In addition to these physical disturbances, the long-term use and abuse of antidepressants include a general withdrawal from loved ones, cutting ties with relationships, compromising one’s career, developing financial troubles, and neglecting once-loved activities and hobbies.
Treatment Options For A Trazodone Addiction
The treatment of a Trazodone addiction requires a comprehensive program that combines various therapies to be most effective. The first element of treatment will involve the detox of the drug. Trazodone has been found to cause discontinuation symptoms, to the extent that it can be considered antidepressant discontinuation syndrome, which can happen to many patients getting off of their medication. This syndrome may cause many uncomfortable symptoms similar to withdrawal and should be monitored and guided by a medical professional.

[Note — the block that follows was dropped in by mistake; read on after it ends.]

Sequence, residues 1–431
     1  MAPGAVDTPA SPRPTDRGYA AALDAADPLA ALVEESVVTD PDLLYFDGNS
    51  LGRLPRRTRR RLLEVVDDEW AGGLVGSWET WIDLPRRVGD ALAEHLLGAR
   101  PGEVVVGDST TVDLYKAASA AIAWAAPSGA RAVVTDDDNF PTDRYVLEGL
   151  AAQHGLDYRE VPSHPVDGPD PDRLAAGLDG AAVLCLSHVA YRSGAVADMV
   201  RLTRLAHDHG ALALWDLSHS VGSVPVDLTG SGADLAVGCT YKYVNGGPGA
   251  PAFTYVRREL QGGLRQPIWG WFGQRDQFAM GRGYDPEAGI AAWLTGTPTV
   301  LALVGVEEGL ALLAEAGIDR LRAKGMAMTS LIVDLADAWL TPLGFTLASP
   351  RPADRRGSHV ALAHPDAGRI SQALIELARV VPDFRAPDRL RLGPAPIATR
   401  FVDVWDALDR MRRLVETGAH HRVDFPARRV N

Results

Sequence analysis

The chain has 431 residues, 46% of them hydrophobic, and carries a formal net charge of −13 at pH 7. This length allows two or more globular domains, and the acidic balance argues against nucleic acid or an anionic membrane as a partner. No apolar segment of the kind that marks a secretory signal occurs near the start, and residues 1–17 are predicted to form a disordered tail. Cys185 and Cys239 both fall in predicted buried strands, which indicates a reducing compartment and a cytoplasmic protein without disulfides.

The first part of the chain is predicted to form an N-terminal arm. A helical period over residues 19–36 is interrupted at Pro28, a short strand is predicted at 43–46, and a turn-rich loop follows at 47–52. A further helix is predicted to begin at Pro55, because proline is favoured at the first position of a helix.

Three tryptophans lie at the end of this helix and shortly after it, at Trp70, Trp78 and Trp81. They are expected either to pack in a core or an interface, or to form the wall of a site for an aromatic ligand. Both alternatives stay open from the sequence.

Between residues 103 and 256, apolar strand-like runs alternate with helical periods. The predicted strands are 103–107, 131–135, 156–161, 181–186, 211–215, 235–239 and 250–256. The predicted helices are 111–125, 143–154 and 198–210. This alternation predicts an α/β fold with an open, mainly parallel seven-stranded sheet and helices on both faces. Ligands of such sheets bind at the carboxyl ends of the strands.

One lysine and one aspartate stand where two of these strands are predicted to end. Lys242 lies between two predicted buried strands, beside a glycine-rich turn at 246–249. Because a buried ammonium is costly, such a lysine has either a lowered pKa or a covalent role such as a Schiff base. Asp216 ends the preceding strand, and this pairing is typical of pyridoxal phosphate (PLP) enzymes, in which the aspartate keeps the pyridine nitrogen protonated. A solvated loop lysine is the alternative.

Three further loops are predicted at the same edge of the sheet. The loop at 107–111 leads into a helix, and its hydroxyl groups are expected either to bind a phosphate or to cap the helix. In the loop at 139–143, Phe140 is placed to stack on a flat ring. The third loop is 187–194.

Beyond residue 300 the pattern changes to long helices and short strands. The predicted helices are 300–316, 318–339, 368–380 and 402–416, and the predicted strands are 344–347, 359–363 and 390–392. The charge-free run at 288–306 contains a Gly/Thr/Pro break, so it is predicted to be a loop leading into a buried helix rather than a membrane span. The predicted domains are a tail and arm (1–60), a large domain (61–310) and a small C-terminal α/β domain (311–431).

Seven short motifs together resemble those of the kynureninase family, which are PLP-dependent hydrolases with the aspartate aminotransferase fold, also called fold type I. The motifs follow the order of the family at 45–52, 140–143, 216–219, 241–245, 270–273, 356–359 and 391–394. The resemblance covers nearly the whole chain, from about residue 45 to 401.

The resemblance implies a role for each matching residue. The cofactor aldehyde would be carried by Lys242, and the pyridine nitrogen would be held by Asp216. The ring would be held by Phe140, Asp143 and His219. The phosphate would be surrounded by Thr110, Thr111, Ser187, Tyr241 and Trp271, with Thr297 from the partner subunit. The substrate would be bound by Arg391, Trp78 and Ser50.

Treatment for co-occurring disorders is another vital part of antidepressant abuse therapy due to the likeliness of someone suffering from depression and other mood disorders. There are two primary types of treatments available, inpatient and outpatient. Inpatient is usually recommended for those suffering from severe antidepressant addiction and involves living in the treatment center for the duration of the residential therapy.
Outpatient therapy is appropriate for those suffering from a mild addiction and allows the patient to live at home while attending counseling and therapy at a facility. Both of these treatments involve behavioral therapies and counseling to help manage and improve a mental disorder, while building the necessary coping skills and self-esteem to prevent a relapse.